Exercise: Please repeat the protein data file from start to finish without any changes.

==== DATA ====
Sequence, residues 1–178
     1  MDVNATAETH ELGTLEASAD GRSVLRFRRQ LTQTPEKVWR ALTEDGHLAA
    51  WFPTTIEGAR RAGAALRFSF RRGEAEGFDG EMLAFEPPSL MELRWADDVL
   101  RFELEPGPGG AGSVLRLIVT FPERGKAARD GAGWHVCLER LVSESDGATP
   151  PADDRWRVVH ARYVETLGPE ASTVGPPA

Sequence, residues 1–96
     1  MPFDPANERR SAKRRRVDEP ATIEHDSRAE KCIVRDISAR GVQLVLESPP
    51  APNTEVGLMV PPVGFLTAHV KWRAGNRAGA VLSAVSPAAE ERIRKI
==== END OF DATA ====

Sequence, residues 1–178
     1  MDVNATAETH ELGTLEASAD GRSVLRFRRQ LTQTPEKVWR ALTEDGHLAA
    51  WFPTTIEGAR RAGAALRFSF RRGEAEGFDG EMLAFEPPSL MELRWADDVL
   101  RFELEPGPGG AGSVLRLIVT FPERGKAARD GAGWHVCLER LVSESDGATP
   151  PADDRWRVVH ARYVETLGPE ASTVGPPA

Sequence, residues 1–96
     1  MPFDPANERR SAKRRRVDEP ATIEHDSRAE KCIVRDISAR GVQLVLESPP
    51  APNTEVGLMV PPVGFLTAHV KWRAGNRAGA VLSAVSPAAE ERIRKI